How to extend vocal range?
I'm seventeen years old and right now my highest note is a G above middle C. I can get an A in there but it's a little loud, so I'm pretty much a high baritone. I'm a tenor in my high school choir, the Antioch High School Music Masters. How can I extend my vocal range? I'd be pretty content hitting a C or D above middle C but if bigger is possible I'd love that too! So is it possible I can ever become a true tenor? Give me any feedback on the subject. Oh yeah, Chest/head voice! I don't care much for improving my falsetto because I can already get up there in it.
How can I extend my vocal range?
This might be difficult to follow, since it's hard to write it down: first of all you should train your voice so you can sing a note for a long time (?) in other words, you need to be able to produce sounds for a long time without taking a breath. Try singing "a" for 10 sec or as long as you can, then the next day you try to exceed that limit. 30-40 sec is great. Then do the do re mi fa so thingy ( just sing from the lowest pitch possible for your voice and go higher as you sing). You'll also need to learn how to sing with your voice, not your breath. If you depend on screaming your way to the high pitched notes, work on not having to use that much screaming to get there. If you know what your limit's are for high pitched notes, you should always aim to sing one notch higher, when you feel comfortable with singing a notch higher (as in there's no pressure/stress in reaching that pitch) aim for a notch higher again. Hope this helps in any way =)
depends..! it depends person to person but yeah by doing some vocal exercises you can definitely improve your range :) but it takes a lot of practice and appropriate training to increase vocal range :) i have experianced it thats why i am sharing that with you. My vocal range is better now as compare to it was 2 years back because of i have done some western classical music exercises to increase vocal range and they really work .
How can I extend my vocal range up?
lol i'm sorry that all the people above me that answered had to be so immature about it (although it is quite funny.) okay, so what you're going to want to do is vocal warm ups. i strongly recommend buying the program(s) Singing Success and/or Mastering Mix by Brett Manning. If you know the singer Hayley Williams, she learned from him, and she can sing very high, with great tone quality. If you're not looking into really buying anything, I suggest looking up vocal warmups on youtube. http://www.youtube.com/watch?v=Q5CWsFaVnWM you can start off on that video. learn stuff about singing if you're serious about it. the vocal warm up i would personally recommend for singing high notes it he Lip Roll. Look it up :) i hope this helped, and good luck.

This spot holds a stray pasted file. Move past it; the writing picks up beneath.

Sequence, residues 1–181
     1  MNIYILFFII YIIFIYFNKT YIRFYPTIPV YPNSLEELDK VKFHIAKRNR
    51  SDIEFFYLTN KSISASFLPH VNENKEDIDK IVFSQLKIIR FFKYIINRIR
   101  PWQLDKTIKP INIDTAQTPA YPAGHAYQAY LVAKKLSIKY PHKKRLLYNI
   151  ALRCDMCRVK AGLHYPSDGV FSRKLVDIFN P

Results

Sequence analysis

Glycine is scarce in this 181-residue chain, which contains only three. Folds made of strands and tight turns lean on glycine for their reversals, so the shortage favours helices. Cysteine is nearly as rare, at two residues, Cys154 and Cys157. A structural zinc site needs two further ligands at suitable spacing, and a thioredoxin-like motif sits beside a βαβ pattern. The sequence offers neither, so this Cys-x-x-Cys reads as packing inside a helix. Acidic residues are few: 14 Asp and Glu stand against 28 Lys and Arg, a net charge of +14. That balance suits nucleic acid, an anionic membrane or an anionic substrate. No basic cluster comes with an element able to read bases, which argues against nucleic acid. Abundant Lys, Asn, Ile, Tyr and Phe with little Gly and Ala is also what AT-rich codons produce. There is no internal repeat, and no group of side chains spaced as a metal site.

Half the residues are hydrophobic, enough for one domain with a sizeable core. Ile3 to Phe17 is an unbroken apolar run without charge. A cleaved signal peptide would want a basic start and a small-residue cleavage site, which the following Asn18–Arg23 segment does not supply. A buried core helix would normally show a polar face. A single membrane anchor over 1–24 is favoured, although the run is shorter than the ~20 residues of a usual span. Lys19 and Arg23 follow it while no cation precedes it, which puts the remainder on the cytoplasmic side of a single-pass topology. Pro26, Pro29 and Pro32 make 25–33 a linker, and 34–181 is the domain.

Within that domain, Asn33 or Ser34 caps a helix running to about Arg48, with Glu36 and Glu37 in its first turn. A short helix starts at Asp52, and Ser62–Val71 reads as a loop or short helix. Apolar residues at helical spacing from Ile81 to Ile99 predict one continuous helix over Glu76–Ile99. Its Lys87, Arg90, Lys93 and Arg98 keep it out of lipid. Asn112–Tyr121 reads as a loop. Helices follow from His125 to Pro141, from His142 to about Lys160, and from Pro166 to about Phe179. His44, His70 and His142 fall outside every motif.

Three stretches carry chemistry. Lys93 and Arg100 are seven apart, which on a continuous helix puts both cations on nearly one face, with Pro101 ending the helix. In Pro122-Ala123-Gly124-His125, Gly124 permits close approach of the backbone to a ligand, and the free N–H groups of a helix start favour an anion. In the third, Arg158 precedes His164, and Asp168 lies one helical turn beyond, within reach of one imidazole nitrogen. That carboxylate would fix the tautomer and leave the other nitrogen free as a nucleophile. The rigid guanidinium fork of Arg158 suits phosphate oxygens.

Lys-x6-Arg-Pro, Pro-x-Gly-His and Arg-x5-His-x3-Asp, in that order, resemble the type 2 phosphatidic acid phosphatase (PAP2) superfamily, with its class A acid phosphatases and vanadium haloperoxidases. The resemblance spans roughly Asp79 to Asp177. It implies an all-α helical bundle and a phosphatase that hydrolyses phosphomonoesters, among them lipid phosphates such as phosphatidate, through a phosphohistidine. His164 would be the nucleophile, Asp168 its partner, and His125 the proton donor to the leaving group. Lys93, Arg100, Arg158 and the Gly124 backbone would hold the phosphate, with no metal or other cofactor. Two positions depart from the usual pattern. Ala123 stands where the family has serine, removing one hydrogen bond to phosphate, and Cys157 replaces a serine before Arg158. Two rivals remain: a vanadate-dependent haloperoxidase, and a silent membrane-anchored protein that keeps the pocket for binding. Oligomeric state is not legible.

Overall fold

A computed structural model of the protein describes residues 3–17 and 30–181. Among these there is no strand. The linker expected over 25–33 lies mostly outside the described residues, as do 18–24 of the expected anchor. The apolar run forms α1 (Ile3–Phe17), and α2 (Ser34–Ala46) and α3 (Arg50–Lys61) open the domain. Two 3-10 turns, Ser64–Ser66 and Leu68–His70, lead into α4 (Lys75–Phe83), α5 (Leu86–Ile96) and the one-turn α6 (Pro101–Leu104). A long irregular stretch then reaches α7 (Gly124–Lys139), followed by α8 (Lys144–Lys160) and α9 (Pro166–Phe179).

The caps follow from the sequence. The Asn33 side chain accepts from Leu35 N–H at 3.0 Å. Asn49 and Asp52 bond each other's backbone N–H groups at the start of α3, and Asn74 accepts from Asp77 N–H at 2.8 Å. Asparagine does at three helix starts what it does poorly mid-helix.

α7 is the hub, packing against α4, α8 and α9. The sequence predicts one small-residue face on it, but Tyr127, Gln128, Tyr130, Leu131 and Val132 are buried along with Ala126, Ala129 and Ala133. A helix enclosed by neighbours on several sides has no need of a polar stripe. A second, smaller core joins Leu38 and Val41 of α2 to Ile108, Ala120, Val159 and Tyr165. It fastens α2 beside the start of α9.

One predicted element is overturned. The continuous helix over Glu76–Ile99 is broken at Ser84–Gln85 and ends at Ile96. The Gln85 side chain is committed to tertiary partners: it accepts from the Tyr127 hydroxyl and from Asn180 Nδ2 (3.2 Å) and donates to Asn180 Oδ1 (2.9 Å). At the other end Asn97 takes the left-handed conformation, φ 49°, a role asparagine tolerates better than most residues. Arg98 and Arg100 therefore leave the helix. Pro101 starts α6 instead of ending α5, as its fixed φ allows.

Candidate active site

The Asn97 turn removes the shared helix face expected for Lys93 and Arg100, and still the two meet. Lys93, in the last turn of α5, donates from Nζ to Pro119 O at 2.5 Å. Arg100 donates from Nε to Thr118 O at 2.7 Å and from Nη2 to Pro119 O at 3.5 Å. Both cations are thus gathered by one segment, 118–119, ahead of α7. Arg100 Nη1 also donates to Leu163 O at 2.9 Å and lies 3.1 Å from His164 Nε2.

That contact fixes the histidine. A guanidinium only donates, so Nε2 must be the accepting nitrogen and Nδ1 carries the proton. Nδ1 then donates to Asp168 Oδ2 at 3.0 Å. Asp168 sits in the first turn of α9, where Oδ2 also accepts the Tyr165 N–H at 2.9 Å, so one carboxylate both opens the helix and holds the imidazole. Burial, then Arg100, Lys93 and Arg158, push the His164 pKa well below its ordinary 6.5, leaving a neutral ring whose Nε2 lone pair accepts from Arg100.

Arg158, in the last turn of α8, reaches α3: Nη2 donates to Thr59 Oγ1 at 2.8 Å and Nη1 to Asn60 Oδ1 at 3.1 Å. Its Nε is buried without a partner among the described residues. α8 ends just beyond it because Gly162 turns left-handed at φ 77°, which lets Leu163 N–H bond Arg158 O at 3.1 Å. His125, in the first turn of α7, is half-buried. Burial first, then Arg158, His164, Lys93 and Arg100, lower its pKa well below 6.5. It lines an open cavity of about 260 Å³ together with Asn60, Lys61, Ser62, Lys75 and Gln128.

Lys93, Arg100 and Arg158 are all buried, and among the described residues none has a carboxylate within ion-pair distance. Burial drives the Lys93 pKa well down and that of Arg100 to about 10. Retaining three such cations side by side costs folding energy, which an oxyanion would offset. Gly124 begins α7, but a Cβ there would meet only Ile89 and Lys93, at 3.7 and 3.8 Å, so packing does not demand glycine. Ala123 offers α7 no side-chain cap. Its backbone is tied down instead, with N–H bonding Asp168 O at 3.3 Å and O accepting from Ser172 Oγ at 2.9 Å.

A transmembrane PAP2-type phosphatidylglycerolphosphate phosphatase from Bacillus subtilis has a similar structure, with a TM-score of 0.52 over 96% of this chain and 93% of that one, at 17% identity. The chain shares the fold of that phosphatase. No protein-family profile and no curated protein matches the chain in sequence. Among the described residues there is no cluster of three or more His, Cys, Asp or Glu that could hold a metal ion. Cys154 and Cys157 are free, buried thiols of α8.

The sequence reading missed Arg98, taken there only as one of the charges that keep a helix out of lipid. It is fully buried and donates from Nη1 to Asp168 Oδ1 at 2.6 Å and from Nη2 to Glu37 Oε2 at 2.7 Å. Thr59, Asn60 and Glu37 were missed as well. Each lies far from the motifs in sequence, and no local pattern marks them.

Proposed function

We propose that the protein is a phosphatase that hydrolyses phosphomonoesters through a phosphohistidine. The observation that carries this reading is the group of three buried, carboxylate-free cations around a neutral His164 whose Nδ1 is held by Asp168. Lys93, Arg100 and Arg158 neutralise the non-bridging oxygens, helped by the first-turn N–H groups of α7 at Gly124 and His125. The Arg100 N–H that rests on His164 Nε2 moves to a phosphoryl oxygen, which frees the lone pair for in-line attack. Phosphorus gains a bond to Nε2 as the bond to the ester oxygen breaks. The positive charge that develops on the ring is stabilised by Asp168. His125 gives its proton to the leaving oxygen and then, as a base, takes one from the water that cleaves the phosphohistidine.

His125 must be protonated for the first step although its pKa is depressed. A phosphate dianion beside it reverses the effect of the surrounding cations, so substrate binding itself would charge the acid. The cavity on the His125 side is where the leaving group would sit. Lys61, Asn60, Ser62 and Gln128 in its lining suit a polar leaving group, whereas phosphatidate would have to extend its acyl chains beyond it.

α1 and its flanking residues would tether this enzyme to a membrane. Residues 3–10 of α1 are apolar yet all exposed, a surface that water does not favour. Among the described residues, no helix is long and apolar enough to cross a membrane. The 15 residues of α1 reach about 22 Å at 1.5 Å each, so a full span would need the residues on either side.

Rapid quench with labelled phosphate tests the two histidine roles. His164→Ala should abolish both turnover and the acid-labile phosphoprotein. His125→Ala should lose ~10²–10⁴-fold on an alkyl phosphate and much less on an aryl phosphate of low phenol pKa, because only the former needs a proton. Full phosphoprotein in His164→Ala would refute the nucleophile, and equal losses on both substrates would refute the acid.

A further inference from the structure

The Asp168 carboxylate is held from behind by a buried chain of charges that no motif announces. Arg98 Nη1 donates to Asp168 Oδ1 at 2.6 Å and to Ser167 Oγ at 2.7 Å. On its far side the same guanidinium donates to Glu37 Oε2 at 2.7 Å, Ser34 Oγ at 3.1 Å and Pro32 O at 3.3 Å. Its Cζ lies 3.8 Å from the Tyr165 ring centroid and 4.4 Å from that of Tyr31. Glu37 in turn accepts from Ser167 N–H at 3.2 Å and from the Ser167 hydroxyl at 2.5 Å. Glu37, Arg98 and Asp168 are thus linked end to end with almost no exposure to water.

How can i extend my wireless range?
There are things you can try, but 802.11 is only so good indoors, particularly in a metal building. First thing to try -- try re-orienting your antennas. Antennas radiate best along their length, not at the end, so ensure the antenna is normal to (at right angles to) your work area floor. In addition... particularly in a metal building, you're going to have multipath issues. That's when a signal bounces, and you get multiple versions of your signal at your antenna at the same time, but out of phase -- so they may distort, or cancel outright. The dual antennas on the WRT54G are designed to work around multipath -- this works best when both are the same distance from your system (rather than in-line, for example, though both senarios can actually work). Another option is to use larger antennas. The "rubber duck" antennas supplied with your WRT54G have a gain of about 2dBi. You can get a higher gain antenna, which will extend the range noticably. It also makes antenna orientation more critical, and will cut the range above and below you, so if you're running this RF link between floors, this might not be a good idea. See here: http://www.fab-corp.com/product.php?prod... You could try relocating your WRT54G closer to your computer. If it's also being used as a hub, you might replace it with a hub, then run one CAT-5 cable between that hub and the WRT54G.... ideally, making it more centrally located, assuming your're not the only wireless user. You could add a repeater, such as the WRE54G. Place such a device where it can hear the router, and it'll send on a stronger signal to your computer. http://www.linksysbycisco.com/US/en/prod... If you know your way around open source, you can try OpenWRT or similar open source operating systems for the WRT54G (check that your version supports this). Many of the open source systems for routers enable higher power output from the router, which would buy you some more distance. That's all I got right now.
How can i extend my range on a trumpet?
Yes, as the previous person said, work on low long tones. I've heard it said over and over, and know it to be true, that one key to a good high range is a solid low range. Why? You can fake a high range by pressing and pinching, but a good low range forces you to use your embouchure and air correctly. Remember, it's all about air speed, not lip pressure. In theory, there should always be a slight opening in your embouchure even when your not blowing. The air speed will then determine the pitch. I like to do what I call the normal breathing exercise for low notes. My goal is to try to breath as normally as possible while doing my longtones. I take a relaxed breath, and play as I exhale... relaxed! Like normal breathing. If I can do this for five minutes and not feel any tension, I'm doing good. Then I do a range exercise. The theory of it is getting to the high notes from low notes, this way you don't cheat with some funky embouchure thing. Here it is: Play all your open partials up to a VERY comfortable high (mid-high) note. (not too high!) so: C below the staff - g - c - e take a nice breath and go back down e - c - g - c The next note above the highest is f. So do all the partials of fingering "1" starting on the lowest possible 1st finger: Bb - f - Bb - d - f Breath f - d - Bb - f - Bb Up a half step: B - f# - b - d# - f# ... then open partial to G Then 2nd and 3rd fingers to Ab... Etc... When your corners are burning stop. Rest. Repeat. Think of your embouchure muscles like your back. Don't overdue it or you're in trouble!